To obtain a Commercial Driver’s License (CDL) in South Carolina, you need to follow a certain process and meet specific requirements. Here is an overview of the steps involved:
1. Meet the age and residency requirements: You must be at least 18 years old and have been a resident of South Carolina for at least 30 days.
2. Obtain a medical certificate: You need to pass a physical examination from a certified medical examiner that proves you are physically capable of operating a commercial motor vehicle. The cost of the medical certificate varies depending on the examiner.
3. Pass the CDL knowledge test: You must pass a written knowledge test that covers general driving knowledge and specific information related to commercial driving. The fee for the knowledge test is $24.
4. Obtain a learner’s permit: You must obtain a Commercial Learner’s Permit (CLP) by passing the knowledge test and paying a fee of $15. With a CLP, you can practice driving under the supervision of a licensed CDL holder.
5. Complete CDL training: You must complete a CDL training program from an approved provider or receive employer-sponsored training.
6. Pass the CDL skills test: You must pass a skills test that includes pre-trip inspection, basic control skills, and a road test. The fee for the skills test is $100.
7. Obtain your CDL: If you pass the skills test, you will need to pay a fee of $25 to obtain your CDL.
The cost of getting a CDL in South Carolina ranges from around $1,500 to $10,000, depending on the provider and other factors such as endorsements and additional fees. It is important to research your options and choose a reputable provider that meets your needs and budget.
In summary, the process of getting a CDL in South Carolina involves meeting age and residency requirements, obtaining a medical certificate, passing the CDL knowledge test, obtaining a learner’s permit, completing CDL training, passing the CDL skills test, and obtaining your CDL by paying the necessary fees.
To obtain a Commercial Driver’s License (CDL) in South Carolina, you need to go through a process that includes meeting specific requirements, completing training, passing written and practical exams, and paying the necessary fees. Please note that the information provided is based on the knowledge available up until September 2021, and there may have been updates or changes since then. It’s always best to consult the official website of the South Carolina Department of Motor Vehicles (DMV) for the most accurate and up-to-date information.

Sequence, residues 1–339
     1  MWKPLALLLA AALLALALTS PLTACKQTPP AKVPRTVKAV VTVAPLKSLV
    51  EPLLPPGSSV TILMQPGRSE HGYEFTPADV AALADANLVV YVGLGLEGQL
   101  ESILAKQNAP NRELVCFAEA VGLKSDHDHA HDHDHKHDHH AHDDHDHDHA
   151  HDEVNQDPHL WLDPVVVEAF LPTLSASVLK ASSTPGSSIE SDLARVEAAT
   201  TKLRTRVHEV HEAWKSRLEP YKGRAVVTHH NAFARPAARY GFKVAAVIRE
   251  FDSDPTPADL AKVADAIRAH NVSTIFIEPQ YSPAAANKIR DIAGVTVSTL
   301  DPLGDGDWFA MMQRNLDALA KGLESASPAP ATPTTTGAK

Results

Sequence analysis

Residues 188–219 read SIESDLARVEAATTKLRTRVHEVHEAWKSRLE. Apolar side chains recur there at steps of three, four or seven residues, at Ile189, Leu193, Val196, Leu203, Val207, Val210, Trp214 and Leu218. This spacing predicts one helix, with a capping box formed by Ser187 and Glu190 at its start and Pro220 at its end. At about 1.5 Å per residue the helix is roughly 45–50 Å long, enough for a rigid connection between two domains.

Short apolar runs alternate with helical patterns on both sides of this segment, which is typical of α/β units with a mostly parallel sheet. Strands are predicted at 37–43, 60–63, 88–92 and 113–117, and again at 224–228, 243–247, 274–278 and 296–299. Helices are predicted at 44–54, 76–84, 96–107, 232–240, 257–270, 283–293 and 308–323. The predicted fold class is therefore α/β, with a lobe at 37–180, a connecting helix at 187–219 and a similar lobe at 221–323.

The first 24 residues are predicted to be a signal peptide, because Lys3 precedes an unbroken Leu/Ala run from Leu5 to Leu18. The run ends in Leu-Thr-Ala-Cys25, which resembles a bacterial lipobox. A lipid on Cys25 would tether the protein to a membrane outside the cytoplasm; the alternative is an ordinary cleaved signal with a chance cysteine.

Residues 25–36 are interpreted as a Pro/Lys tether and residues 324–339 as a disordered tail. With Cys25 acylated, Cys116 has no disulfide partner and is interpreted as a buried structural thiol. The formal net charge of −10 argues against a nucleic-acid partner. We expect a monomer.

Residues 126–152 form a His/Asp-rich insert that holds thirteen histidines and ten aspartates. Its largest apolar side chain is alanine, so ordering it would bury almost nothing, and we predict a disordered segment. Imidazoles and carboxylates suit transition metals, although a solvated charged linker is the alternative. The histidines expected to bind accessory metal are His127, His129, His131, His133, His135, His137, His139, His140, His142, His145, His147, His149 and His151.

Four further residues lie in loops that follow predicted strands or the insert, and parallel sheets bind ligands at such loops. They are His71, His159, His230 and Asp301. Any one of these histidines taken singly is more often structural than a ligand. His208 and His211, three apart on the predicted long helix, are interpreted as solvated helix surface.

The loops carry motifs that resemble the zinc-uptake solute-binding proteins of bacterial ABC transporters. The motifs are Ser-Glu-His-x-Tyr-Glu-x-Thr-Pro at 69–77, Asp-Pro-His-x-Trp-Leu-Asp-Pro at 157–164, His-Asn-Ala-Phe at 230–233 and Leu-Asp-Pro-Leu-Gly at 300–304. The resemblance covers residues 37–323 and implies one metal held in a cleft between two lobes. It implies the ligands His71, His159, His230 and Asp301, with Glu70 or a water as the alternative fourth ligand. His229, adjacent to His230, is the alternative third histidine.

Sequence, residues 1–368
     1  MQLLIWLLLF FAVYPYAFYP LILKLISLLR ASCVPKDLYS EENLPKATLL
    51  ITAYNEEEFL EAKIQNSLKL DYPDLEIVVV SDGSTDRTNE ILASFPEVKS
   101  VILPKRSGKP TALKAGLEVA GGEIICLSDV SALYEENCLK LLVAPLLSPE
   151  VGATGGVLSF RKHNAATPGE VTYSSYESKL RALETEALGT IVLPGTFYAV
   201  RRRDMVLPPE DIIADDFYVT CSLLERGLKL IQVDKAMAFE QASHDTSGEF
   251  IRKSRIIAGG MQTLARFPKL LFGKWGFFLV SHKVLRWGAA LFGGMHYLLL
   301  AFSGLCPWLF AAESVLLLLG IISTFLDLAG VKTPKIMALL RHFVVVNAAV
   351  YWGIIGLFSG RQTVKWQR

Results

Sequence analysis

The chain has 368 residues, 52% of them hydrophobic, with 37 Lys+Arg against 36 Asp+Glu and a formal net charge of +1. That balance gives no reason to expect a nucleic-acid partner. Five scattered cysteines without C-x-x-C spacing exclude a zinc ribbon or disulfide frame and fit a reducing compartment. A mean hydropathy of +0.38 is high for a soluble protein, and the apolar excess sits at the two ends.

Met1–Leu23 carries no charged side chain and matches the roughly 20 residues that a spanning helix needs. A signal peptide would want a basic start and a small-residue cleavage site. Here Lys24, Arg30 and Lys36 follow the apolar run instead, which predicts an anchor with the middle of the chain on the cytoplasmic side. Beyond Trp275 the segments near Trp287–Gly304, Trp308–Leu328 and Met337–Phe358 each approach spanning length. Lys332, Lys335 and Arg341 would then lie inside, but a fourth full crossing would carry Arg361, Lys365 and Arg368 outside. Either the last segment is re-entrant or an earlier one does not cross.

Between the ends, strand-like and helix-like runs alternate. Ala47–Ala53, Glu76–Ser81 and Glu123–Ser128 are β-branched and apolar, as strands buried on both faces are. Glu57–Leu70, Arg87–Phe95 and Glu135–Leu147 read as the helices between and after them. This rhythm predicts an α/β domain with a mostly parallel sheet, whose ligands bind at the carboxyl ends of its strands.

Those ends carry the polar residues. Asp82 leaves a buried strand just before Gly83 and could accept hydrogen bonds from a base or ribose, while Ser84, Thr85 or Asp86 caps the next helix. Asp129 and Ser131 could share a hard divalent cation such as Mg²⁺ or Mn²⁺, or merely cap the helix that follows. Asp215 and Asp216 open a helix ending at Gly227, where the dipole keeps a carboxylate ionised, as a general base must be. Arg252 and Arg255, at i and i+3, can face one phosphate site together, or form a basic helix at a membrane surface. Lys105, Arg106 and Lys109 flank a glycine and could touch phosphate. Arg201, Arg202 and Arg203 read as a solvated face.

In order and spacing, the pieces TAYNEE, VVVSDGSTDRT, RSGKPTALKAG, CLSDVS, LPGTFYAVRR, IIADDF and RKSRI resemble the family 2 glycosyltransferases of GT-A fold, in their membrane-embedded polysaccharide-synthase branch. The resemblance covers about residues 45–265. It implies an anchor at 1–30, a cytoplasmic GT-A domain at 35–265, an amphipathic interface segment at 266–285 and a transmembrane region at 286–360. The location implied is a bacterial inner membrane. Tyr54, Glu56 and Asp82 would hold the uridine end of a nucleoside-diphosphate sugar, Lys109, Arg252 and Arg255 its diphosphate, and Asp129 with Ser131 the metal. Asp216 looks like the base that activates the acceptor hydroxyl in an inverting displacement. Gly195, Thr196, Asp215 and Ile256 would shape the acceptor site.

Here is a general outline of the CDL process in South Carolina:
Determine the CDL Class: South Carolina offers several classes of CDL, including Class A, Class B, and Class C, depending on the type of vehicle you plan to operate.
Eligibility Requirements: Ensure you meet the basic requirements set by the South Carolina DMV. You must be at least 18 years old for an intrastate CDL (within South Carolina) or 21 years old for an interstate CDL (across state lines). You must have a valid regular driver’s license and provide proof of legal presence in the United States.
Commercial Learner’s Permit (CLP): Before obtaining a CDL, you will need to obtain a Commercial Learner’s Permit (CLP). To get a CLP, you need to pass a written knowledge test specific to the class of CDL you’re seeking. The test covers topics like general knowledge, air brakes (if applicable), combination vehicles (if applicable), and any endorsements you may need. You must also pass a vision screening and provide proper identification.
CDL Training: While not mandatory, it is highly recommended to complete a CDL training program to receive professional instruction and hands-on training. CDL training programs can be found at commercial driving schools or community colleges. These programs help prepare you for the CDL skills test and provide valuable knowledge and experience.
Skills Test: Once you’ve obtained your CLP and completed your training, you can schedule an appointment with the South Carolina DMV to take the CDL skills test. The skills test typically includes a pre-trip inspection, basic vehicle control, and an on-road driving test. You may also need to complete additional tests for specific endorsements.
Endorsements: If you plan to operate vehicles with additional features or requirements, such as carrying hazardous materials, transporting passengers, or driving a tanker, you may need to obtain specific endorsements. Endorsements require additional written tests and possibly additional skills tests.